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augie

Diamond 6/12 Review (Part 6 of 11)

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[b]Tuesday, June 15: Skagway[/b]

Every morning on this trip so far the combination of the early sunrise and the time change has had me awake early. When I opened my eyes today the first thing I saw was the greenery on the hillside next to the pier where we were docked! We had plenty of time before we were to meet our tour, so we had a leisurely breakfast, walked off of the ship (no line!) and took a walk into Skagway. By the time we made it to the main street we figured we'd better head back, so we walked the 10 or so minutes back to the pier, stopping to take pictures, and watching all of the people coming and going near the ship.

Before long, Jenna and Jason of Skagway Hike & Float showed up and escorted us back to their van, which they had to park some distance from the ship since they didn't do tours booked directly from the ship. We stopped in town to pick up three other couples, and then we headed out of town towards the Dyea National Park, passing the Taiya River along the way. Jason was very knowledgeable of the history of the area, both human and geological, and he told us a lot of interesting facts along the way as well as answering our questions. He is a native of New Orleans that now lives year-round in Skagway, so he naturally fielded a good number of questions about life in Skagway after tourist season.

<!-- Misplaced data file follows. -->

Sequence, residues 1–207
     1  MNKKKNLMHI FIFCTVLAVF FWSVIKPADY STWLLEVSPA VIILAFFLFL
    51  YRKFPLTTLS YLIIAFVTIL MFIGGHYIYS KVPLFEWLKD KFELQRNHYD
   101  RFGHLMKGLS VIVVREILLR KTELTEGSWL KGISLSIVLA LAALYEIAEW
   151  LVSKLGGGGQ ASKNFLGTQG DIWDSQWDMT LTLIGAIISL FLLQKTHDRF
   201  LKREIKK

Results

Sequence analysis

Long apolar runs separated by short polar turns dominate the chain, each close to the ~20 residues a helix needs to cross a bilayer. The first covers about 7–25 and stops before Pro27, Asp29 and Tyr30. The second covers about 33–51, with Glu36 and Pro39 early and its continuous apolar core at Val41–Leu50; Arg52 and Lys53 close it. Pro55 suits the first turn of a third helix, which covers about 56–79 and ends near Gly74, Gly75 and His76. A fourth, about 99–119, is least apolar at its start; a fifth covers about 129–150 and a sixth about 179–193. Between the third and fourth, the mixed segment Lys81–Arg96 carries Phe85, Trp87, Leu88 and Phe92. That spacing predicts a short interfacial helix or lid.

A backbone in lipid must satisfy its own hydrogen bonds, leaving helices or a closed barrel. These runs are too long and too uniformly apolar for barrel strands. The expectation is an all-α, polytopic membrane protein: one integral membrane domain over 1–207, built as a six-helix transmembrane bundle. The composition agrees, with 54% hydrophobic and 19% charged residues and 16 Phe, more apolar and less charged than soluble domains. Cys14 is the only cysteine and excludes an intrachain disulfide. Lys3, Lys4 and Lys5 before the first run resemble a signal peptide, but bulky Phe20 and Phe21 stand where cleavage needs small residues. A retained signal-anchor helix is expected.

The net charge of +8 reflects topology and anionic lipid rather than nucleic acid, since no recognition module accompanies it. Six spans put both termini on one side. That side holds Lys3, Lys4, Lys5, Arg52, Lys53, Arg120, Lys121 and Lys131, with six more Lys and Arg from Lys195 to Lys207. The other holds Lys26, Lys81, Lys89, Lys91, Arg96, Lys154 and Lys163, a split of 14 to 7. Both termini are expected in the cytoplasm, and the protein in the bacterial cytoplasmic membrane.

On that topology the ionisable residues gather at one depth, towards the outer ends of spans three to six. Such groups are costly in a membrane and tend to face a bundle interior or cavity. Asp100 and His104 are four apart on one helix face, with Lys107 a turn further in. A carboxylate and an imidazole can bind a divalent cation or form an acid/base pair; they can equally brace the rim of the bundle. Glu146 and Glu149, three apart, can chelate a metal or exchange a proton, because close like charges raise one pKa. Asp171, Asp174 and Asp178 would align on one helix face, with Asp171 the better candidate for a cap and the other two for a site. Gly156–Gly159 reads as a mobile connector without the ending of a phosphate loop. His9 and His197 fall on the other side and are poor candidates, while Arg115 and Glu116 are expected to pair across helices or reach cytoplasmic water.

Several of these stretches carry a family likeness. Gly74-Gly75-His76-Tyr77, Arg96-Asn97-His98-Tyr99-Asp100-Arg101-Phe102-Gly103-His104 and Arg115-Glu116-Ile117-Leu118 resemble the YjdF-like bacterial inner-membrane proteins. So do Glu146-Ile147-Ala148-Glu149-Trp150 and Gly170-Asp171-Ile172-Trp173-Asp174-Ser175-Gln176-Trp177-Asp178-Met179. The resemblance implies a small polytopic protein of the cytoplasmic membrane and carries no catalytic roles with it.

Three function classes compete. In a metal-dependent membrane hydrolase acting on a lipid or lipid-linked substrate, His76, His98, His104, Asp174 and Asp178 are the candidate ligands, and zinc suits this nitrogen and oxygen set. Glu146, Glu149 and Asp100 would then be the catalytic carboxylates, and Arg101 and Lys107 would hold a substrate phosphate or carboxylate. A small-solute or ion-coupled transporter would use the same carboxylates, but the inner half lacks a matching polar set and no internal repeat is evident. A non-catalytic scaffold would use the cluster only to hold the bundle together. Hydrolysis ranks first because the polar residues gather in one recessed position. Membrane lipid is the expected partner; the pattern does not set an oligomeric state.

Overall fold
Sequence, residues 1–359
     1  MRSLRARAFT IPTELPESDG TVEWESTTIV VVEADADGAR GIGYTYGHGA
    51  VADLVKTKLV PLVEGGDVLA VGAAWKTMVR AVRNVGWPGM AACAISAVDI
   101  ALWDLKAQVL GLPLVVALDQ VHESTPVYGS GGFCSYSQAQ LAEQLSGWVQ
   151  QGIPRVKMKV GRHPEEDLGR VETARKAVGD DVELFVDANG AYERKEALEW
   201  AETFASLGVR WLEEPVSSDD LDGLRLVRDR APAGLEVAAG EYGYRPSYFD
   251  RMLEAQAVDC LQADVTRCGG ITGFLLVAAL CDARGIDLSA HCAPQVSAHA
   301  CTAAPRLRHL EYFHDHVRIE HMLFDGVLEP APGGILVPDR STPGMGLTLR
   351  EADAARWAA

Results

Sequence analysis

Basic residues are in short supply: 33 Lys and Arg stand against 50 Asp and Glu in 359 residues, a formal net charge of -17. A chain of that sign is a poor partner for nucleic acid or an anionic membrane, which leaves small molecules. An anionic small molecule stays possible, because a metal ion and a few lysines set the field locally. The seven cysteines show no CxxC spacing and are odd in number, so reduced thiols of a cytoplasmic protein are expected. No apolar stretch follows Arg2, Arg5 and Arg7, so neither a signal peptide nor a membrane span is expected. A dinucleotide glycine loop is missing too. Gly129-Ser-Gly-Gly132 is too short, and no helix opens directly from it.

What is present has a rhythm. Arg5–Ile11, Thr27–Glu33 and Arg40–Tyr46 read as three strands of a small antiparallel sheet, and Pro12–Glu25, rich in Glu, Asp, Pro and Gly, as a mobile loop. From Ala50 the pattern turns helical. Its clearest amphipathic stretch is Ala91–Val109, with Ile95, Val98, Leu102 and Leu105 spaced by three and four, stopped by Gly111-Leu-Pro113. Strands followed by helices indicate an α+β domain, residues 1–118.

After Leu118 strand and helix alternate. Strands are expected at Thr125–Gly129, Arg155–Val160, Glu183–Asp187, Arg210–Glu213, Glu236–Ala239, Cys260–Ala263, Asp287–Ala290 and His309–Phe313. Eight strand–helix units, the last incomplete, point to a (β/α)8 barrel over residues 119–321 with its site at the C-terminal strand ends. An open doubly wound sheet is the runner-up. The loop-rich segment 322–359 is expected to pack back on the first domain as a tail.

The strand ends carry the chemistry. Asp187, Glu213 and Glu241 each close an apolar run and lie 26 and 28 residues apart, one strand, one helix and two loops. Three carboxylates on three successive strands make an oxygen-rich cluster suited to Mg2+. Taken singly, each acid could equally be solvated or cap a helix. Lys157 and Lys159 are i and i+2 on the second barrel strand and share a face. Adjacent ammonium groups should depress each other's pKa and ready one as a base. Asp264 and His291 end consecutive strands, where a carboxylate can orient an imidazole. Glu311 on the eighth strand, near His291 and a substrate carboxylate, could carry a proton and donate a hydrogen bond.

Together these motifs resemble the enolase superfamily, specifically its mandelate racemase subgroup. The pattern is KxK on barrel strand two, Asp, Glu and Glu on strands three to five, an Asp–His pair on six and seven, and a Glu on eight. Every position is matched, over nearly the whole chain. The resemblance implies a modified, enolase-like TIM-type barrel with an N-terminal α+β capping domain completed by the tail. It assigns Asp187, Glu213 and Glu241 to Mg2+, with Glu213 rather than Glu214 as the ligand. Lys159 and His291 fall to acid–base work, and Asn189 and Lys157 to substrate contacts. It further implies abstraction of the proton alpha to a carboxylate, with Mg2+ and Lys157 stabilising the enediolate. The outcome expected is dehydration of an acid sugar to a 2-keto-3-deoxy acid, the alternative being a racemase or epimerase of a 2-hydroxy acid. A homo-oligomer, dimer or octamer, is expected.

After a time we arrived at a trailhead along the Chilkoot Trail and began our 1.8 mile trek through an Alaskan rain forest. Jason took pity on those among us that don't hike every day by making frequent stops, so that he could �educate� us, particularly during the first part of the hike, which was largely uphill.

Once we reached the summit, and it looked like we could all make it to the river under our own power, Jenna turned back so that she could pick up another tour. It was very interesting hearing about the history of the trail, from it's days as a trading route for the native tribes to when the prospectors took it over as a passage to the Yukon, to it's present status as a natural park.